‘This is ours’

Wright State's School of Fine and Performing Arts hosts unique festival where judges become instructors

The Wright State University School of Fine and Performing Arts welcomed concert bands, string orchestras and choir ensembles from 12 Ohio high schools and middle schools at the second annual Silver Melted Into Sound, which is designed to promote the music of underrepresented composers.

The scholastic performances and accompanying music clinics were held throughout the Creative Arts Center on May 5.

“I don’t think anybody’s doing a festival quite like this one,” said Bill Jobert, senior lecturer in bassoon and coordinator of music education in the School of Fine and Performing Arts in the College of Liberal Arts. “This is ours. This is our festival.”

In addition to performing a piece by a traditional composer, each participating group performed music by an underrepresented composer, which is a person of color, a woman or a marginalized gender identity.

“I conducted Christina Huss’ ‘Brace for Impact,’” said Michaela Copeland, who instructs middle school students at Greenville Middle School and graduated from Wright State with a bachelor’s degree in music education on April 29. “It’s crazy because I used to be the person playing on this stage, and now I’m conducting.”

The music performances were judged not for competition points but for comments. After performing, each group participated in a 30-minute clinic with one of the festival’s adjudicators and then meet with guest composer Sonia Morales-Matos, a Puerto Rican composer, performer and educator.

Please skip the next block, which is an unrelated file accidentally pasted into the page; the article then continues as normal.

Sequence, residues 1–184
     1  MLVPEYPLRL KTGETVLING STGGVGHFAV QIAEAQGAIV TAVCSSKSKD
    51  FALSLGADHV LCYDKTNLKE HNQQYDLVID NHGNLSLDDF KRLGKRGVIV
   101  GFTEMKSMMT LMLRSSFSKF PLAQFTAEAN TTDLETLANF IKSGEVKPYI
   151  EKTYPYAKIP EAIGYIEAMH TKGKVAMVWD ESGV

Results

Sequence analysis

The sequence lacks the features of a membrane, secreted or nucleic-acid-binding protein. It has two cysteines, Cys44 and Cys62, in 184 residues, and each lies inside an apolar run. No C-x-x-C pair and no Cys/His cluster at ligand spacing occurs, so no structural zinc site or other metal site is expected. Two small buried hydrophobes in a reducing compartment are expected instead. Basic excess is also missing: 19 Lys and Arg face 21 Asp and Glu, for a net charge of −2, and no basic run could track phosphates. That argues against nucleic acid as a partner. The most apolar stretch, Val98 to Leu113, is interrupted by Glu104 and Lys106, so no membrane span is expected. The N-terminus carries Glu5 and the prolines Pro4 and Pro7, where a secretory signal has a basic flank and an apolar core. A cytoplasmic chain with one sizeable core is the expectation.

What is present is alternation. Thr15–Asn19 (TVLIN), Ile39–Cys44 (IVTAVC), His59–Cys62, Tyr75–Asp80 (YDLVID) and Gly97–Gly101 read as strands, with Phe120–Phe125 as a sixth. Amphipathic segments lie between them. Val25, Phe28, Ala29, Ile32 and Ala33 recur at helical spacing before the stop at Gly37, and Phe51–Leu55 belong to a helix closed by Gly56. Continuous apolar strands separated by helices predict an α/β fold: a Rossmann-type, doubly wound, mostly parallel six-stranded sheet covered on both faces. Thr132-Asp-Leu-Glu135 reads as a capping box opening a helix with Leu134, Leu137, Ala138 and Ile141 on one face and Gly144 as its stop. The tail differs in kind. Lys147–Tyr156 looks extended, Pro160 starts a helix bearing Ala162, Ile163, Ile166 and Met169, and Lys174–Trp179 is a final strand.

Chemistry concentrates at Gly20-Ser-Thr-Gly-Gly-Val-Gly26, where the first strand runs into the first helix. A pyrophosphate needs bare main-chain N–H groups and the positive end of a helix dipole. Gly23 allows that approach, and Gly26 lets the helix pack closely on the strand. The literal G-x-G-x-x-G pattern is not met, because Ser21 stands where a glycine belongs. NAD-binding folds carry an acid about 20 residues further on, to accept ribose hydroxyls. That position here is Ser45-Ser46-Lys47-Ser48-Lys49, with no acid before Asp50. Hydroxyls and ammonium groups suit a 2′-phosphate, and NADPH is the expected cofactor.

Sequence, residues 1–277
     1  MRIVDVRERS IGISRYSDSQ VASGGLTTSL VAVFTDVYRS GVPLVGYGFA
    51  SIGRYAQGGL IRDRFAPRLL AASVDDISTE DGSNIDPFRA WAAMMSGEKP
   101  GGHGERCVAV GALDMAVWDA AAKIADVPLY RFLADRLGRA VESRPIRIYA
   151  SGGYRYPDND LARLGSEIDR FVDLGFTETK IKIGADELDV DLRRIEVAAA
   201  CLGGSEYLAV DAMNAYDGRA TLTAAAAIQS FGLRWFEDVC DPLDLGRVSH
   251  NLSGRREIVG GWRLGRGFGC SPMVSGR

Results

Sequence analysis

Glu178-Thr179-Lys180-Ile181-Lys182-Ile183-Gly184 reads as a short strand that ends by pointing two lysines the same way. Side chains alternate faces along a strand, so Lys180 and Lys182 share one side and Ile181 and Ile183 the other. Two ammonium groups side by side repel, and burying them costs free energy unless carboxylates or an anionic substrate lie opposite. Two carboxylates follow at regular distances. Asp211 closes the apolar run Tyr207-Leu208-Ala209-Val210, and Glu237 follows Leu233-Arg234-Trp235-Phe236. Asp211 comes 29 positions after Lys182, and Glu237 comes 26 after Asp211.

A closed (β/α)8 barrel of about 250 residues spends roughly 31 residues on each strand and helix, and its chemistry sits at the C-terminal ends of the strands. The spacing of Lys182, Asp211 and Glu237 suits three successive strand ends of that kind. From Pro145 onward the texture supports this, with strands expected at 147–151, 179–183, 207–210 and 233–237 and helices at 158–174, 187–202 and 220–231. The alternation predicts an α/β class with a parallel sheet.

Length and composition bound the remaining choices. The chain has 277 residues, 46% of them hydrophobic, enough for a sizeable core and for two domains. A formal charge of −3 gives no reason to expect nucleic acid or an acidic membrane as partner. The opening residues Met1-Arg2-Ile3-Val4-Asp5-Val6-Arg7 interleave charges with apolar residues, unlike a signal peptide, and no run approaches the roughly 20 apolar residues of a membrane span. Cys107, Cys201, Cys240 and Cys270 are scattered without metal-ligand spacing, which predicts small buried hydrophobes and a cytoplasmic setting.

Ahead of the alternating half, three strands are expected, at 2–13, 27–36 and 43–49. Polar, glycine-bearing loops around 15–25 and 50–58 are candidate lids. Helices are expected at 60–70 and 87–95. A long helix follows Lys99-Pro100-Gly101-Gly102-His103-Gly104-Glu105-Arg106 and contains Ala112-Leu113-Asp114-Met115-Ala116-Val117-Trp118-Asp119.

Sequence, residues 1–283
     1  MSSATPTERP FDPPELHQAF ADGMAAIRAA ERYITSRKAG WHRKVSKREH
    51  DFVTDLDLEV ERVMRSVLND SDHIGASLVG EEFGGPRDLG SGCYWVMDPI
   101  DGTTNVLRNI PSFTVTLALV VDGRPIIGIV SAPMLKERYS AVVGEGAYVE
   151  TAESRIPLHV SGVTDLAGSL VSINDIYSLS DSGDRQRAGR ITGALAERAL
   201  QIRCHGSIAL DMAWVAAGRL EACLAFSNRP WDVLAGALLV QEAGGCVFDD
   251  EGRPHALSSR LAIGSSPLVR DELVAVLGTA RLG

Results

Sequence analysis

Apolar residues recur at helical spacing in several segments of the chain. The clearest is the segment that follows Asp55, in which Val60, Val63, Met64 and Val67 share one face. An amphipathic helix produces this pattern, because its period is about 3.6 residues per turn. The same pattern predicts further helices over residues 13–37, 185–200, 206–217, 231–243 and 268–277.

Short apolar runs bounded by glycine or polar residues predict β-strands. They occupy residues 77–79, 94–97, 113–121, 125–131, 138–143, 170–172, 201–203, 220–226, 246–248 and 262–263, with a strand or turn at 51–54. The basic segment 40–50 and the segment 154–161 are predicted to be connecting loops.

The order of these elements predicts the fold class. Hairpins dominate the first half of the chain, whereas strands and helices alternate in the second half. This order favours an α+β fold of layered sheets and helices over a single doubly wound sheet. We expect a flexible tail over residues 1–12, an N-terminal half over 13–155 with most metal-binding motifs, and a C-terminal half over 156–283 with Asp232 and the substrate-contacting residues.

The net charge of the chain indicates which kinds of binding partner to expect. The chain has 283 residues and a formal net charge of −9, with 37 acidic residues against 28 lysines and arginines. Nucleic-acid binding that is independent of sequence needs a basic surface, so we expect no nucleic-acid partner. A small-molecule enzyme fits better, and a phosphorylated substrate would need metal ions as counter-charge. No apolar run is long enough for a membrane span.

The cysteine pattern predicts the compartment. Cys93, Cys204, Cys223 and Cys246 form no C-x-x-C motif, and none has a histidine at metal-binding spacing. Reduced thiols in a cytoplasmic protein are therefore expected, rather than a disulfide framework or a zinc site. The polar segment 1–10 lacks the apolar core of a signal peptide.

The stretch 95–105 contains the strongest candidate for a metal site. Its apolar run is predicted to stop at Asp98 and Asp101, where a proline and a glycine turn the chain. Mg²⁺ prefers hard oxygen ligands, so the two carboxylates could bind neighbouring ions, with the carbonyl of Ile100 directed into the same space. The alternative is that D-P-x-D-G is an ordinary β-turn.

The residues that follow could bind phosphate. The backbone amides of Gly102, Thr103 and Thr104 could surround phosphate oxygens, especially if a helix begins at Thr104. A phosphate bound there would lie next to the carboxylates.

“This is such a life-changing experience for many of them,” said Morales-Matos. “Many of them will make this school their choice when they are ready to go to college.”

The scholastic groups also took walking tours of the Dayton Campus.

Jobert said Paul Laurence Dunbar, an American poet, novelist and short story writer, was also underrepresented. Jobert named the Silver Melted Into Sound festival after a line in Dunbar’s poem “To a Lady Playing the Harp.”

Participants also produced an original composition inspired by Dunbar’s works. The winning composition will be performed by Wright State musicians next academic year.

“Music educators are looking for a different experience for their students,” Jobert said. “We’re glad to provide that.”

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